New Update 06/26/22. See below.
Athletes, especially the younger ones, are very self conscious when it comes to what others think about them. They constantly look to coaches AND parents for reassurance. Your body language and the things you say from the sidelines has an enormous impact on the team's chemistry and their moral as a whole.
We understand that tournaments can make for a long day and it can be exhausting and uncomfortable sitting in bleachers, a lot of us have been where you are with our own kids. If you take a look at the side lines when some of the best club teams in the country are competing, you will see parents actively involved in the game. They almost look like they have as much invested in the game as their athletes do. It's been proven that teams with larger and louder crowds will have an advantage over teams that have fans that aren't actively and excitedly participating in the event.
Take a look at any collegiate or professional sporting event and you'll notice how much emphasis is put on "home games" and how much of an advantage that can give a team. During a home game, they have more fans attend the event which means more cheering and more energy which affects the attitudes of the athletes.
I challenge you to make every game feel like a home game for your players this season.
The best way to criticize players, coaches and referees is to just NOT. More than likely if someone made a mistake, regardless of their age, role, or position, they are probably already aware that it happened. They don't the extra reminder or negative comments to boot.
Young players' biggest fear is often "looking stupid" in front of their friends or large groups of people. They are much more likely to continue playing and working to improve if you provide positive encouragement. Give them a high five. Tell them "Good hustle!, way to swing hard, you jumped really high for that one set, way to call the ball and be aggressive." The old saying, "if you don't have anything nice to say, don't say anything at all," comes into play here. We want to encourage everyone to keep trying and to continue playing so that they can further their development. While you may think you are trying to help, you may just be adding to their anxiety. Even if it was a really ugly game, try to pick out something they did right so that they aren't thinking everything they do is wrong. They will continue building on everything else as the season continues.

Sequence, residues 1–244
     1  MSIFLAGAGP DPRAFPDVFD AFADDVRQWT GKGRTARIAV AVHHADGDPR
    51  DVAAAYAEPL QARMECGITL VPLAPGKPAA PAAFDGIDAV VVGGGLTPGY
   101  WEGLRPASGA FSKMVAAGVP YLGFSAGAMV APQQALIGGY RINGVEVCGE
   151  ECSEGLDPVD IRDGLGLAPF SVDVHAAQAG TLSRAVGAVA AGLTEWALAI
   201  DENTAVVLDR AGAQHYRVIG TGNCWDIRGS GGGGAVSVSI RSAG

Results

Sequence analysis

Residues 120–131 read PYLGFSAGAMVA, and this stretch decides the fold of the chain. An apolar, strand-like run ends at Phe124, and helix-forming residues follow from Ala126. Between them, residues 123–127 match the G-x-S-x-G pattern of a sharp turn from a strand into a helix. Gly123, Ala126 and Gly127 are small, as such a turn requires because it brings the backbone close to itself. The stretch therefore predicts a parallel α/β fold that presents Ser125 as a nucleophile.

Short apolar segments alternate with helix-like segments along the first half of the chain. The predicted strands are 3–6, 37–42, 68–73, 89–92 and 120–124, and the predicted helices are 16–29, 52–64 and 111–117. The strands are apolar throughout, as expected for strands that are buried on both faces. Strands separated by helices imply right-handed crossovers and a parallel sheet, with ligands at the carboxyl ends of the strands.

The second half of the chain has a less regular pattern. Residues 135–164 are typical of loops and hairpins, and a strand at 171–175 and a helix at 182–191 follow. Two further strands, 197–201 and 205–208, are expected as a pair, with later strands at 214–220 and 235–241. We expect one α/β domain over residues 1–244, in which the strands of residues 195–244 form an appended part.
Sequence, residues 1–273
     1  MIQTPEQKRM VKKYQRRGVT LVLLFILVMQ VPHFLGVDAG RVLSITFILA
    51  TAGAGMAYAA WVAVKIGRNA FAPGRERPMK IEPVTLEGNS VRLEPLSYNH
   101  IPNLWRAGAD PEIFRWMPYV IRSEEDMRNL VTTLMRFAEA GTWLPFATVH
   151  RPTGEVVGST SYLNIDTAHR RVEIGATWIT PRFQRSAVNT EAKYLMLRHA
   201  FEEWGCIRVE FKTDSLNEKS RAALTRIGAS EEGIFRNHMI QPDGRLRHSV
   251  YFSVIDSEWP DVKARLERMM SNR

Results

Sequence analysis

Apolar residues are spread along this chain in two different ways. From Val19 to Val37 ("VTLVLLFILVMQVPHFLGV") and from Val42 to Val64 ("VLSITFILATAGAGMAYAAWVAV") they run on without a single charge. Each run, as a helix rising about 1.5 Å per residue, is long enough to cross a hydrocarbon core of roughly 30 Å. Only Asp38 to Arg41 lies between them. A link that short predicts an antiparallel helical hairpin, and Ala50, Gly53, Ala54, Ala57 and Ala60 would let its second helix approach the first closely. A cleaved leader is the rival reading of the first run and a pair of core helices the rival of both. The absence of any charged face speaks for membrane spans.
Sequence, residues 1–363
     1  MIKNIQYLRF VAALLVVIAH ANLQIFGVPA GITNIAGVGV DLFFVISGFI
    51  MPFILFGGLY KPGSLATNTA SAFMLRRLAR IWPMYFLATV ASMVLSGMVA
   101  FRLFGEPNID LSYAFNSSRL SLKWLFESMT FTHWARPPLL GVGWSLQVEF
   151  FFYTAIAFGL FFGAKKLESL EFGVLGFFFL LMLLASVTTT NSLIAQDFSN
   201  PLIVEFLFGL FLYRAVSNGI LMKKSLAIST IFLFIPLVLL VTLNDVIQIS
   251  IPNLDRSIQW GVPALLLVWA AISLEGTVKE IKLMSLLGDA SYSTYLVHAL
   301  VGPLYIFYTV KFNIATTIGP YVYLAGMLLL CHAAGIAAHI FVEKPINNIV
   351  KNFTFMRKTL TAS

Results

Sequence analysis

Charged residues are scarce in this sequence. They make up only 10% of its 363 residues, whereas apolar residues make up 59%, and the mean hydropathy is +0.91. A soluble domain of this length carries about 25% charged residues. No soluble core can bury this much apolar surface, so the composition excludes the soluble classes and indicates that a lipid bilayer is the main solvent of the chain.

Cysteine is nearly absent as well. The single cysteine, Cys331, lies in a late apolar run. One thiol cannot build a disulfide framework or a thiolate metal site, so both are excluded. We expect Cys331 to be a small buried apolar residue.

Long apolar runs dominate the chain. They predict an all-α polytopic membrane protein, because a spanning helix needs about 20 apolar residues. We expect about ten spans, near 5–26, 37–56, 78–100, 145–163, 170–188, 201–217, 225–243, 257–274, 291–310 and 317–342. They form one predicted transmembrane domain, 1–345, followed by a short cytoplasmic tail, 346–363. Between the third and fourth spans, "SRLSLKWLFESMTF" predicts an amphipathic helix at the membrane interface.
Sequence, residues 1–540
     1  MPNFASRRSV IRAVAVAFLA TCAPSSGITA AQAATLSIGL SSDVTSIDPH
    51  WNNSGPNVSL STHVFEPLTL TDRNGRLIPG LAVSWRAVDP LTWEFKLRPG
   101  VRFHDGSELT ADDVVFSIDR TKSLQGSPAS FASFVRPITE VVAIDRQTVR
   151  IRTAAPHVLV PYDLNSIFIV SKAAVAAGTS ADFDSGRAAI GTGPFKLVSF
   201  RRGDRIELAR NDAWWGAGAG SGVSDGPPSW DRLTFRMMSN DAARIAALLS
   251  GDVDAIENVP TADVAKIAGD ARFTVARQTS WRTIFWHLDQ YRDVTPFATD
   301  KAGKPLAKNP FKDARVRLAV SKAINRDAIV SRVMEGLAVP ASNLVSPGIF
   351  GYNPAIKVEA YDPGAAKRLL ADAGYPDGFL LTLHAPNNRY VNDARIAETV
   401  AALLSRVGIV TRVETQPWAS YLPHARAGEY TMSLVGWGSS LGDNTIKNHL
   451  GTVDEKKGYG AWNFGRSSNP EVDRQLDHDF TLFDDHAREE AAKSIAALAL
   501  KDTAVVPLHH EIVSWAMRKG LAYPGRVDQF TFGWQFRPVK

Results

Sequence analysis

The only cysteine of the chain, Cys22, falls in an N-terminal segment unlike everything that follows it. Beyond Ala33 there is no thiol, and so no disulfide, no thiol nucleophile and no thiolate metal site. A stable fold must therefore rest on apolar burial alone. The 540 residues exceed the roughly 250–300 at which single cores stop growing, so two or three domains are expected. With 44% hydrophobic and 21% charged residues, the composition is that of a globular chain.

Scope out the venue ahead of time so that you know what type of seating is available and if you should bring lawn chairs or bleacher seats. If you aren't sure, pack both!
There can be quite a bit of downtime during tournaments. Bring something to do when your athlete isn't playing (books, games, work, etc.). Also, make sure to bring chargers for your phone and other electronics if needed.